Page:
So we hear these questions nearly every day on LGD forums and Facebook pages and they go something like this - Can I use a Great Dane as a LGD? Or a St. Bernard? How about a heeler and Golden crossbred? My neighbor has some great pups that are a cross between a Great Pyrenees and an Aussie, so would they make a good LGD? How do I train my German shepherd to be a livestock guard dog? We also see lots of dogs advertised as LGDs – but they aren’t.
Livestock guard dogs or LGDs are a group of similar dog breeds just like herding dogs or hunting dogs belong in their own groups. Being a LGD is not a job you can train any other breed to perform. Developed over centuries by working shepherds, livestock guard dog breeds possess a specific set of qualities and behaviors that make them excel at this very special work.
Other breeds are used in different countries and may occasionally be found here as well. Nothing else is truly a livestock guard dog.
This is what is crucially important to remember – the livestock guard dog breeds have been selected for a very low or non-existent prey drive, a longer period of social bonding than many other breeds, and a physical appearance that suggests “friend.” They have also been selected for the essential traits of attentiveness, trustworthiness, and protection of their stock. When a good LGD is aggressive with outsiders or predators, it is not hunting for prey but protecting its pack mates, which might be sheep or goats. Neither are they are protecting themselves when they attack or chase a large predator – they are protecting their stock. LGDs also possess instinctual responses to first warn off threats rather than immediately attack. Successful owners take these natural LGD behaviors and carefully monitor and develop them as their pup grows. These inborn traits can be so strong that some adult LGDs, who were never socialized with stock as puppies, will still make outstanding guardians – because of the strong and correct instinctual behaviors they possess.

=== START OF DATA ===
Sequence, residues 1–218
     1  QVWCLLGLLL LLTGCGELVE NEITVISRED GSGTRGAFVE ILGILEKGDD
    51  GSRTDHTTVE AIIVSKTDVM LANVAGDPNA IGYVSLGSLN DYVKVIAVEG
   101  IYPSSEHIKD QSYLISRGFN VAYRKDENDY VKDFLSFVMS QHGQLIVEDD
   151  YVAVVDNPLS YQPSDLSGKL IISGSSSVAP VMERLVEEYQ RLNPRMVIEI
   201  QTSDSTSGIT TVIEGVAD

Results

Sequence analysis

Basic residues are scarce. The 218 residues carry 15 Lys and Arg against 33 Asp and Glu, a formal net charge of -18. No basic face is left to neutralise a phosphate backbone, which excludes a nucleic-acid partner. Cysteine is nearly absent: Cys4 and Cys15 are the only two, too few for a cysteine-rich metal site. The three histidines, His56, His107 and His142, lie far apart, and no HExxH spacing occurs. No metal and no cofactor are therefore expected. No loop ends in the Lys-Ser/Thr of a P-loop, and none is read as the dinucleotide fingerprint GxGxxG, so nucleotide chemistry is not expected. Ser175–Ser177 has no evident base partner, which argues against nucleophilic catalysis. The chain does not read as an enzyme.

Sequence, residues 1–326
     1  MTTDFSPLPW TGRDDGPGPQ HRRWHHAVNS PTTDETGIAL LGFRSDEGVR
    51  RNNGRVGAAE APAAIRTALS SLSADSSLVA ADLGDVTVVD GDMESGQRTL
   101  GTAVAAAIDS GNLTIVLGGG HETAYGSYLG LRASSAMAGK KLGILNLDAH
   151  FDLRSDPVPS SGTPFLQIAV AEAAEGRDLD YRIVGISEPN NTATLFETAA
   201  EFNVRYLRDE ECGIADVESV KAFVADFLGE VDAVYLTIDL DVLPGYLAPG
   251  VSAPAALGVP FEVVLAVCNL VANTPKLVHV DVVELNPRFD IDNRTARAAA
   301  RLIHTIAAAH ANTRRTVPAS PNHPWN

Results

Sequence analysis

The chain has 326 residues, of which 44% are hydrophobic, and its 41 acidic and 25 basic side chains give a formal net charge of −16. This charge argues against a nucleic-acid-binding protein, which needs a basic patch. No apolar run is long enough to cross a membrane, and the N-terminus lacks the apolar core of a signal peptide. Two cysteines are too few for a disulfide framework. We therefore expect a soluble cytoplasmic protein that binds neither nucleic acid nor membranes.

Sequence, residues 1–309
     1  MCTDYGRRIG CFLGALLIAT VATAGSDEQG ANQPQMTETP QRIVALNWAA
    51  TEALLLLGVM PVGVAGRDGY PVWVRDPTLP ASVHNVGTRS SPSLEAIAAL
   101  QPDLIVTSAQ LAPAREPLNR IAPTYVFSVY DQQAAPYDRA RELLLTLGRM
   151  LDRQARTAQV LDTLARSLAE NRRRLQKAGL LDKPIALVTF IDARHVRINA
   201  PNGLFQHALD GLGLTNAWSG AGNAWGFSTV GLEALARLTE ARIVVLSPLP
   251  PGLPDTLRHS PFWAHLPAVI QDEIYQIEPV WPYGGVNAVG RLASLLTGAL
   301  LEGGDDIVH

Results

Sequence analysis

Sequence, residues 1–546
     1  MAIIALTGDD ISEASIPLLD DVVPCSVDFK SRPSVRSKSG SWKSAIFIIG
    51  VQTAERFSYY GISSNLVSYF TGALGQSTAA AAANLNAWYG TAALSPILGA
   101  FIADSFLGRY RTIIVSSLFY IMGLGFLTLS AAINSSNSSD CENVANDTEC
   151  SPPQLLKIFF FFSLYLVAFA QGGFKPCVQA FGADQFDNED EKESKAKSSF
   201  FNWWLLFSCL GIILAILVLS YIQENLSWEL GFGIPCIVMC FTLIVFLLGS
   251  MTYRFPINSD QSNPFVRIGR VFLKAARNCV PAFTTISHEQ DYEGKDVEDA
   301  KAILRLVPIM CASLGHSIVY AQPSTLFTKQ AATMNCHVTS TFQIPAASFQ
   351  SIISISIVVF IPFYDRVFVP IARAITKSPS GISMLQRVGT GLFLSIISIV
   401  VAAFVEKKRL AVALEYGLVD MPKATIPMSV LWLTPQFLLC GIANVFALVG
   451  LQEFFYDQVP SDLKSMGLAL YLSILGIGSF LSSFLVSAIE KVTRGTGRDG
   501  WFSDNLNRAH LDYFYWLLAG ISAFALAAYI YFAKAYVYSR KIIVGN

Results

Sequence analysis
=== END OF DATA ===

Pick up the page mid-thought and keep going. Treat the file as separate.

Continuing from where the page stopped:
Due to their size and appearance, members of the public sometimes confuse LGDs with protection breed dogs. However, many LGD breeds have been tested by police, military and Schutzhund trainers, who have repeatedly found them unsuitable because of their important lack of strong predatory behaviors. Conversely, this is why protection breeds do not make good LGDs – they have a strong predatory instinct.
The inherited LGD traits are the reason why you can’t take a Lab or a Border collie or another non-LGD breed and easily train it to behave properly as a livestock guard. The prey or chase drives in many breeds are just too high to make them reliable guardians. Some breeds are excellent watchdogs but lack the nurturing instincts a LGD exhibits towards its charges. Other breeds lack the size or the coat to work outside in difficult weather. Still others do not possess the size, agility, or sense of responsibility to take on serious predators. These are also the reasons that crosses with a LGD and a non-LGD breed are just not reliable as working livestock guardians. Many breeds make great all round farm dogs, but they should not be trusted or expected to live reliably with stock 24 hours a day.
If you are looking for a real livestock guard dog, which possesses ALL of these valuable traits, choose one of the recognized breeds or a cross between two LGD breeds. There is no better guardian of your flock or herd.